That is hard—placing a quantifiable value on something you’ve created.
There’s rejection, fear. Makers think, ‘What if someone doesn’t like what I’m doing or making?’ It’s a bigger conversation, and I think it’s really empowering to be able to help them in that way. It’s something I really enjoy. But sometimes you have to let people down and say, ‘I don’t want this piece.’ I always have an idea of where they can look in state or out of state. Hopefully that helps other stores fill their shelves. I love supporting other stores.
Right. Why not share the love?
Exactly. For instance, Union Studio. We carry a lot of the same makers, but they have a very different aesthetic, color palate and vision for their store. That doesn’t mean we can’t carry the same makers and support each other. I am always sending people over there. I think it’s really refreshing to not have to look at other businesses as competition, but as a complement. So, when I send people over there, it’s fun to also become a tour guide for people who aren’t as familiar to those places, and push them along to other places in the city.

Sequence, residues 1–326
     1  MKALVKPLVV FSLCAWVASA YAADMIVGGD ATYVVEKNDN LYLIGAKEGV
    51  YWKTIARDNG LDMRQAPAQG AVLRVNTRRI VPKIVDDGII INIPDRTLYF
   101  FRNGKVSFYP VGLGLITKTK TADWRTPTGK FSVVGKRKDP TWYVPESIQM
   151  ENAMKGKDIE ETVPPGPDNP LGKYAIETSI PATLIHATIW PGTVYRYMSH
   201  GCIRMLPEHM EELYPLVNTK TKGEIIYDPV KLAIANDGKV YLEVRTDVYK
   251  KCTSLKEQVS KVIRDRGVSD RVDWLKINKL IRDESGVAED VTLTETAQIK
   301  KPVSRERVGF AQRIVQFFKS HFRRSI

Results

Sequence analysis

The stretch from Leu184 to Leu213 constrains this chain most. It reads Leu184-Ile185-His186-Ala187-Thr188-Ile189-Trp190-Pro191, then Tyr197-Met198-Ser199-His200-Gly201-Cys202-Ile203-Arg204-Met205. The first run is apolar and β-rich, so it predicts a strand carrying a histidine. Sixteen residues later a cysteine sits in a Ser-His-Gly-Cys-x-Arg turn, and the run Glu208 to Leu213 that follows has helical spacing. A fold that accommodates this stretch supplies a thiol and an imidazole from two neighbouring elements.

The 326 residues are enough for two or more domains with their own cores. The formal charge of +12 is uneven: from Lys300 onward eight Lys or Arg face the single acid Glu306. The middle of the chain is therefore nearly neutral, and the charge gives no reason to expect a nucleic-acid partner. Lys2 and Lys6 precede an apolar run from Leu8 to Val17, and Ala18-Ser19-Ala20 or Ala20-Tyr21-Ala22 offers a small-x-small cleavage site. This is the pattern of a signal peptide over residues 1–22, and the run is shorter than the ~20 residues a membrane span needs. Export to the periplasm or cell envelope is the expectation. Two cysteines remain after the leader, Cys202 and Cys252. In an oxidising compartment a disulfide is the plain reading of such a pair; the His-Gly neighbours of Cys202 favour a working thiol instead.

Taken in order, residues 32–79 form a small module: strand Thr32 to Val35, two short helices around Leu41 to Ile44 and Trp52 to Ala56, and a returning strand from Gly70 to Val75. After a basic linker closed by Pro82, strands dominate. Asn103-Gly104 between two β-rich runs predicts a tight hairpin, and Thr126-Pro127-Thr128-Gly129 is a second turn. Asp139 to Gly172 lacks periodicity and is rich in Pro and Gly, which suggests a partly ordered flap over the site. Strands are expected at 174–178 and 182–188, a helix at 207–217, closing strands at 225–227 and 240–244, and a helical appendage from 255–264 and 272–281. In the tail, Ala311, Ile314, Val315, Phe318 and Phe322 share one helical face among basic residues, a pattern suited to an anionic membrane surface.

We are really only as successful as the people we represent. They have to have a reason to produce. And if people are buying their work, and when I am continuing to buy their work, of course, then it grows into a really great thing. It’s an empowering way to experience commerce in our city. The movement of makers is growing here, and it’s pretty amazing to watch that happen.
Do you have any special events coming up?
On Sunday, May 7, Sylvia from Snapdragon Studios is doing a flower workshop, and we will also feature Phil Finder’s ceramics. It’s a pre-Mother’s Day event. The Sunday before, we will have drinks, food and we will be outside under our pergola, if the weather is nice. Attendees will be able to make their own flower arrangements and will also have the opportunity to upgrade and buy vessels from Phil Finder. The result is a real piece of art.
We are constantly having events, so anyone interested can check on our website or social media to see what we have coming up.
To learn more about Urban Matter, visit the boutique’s website.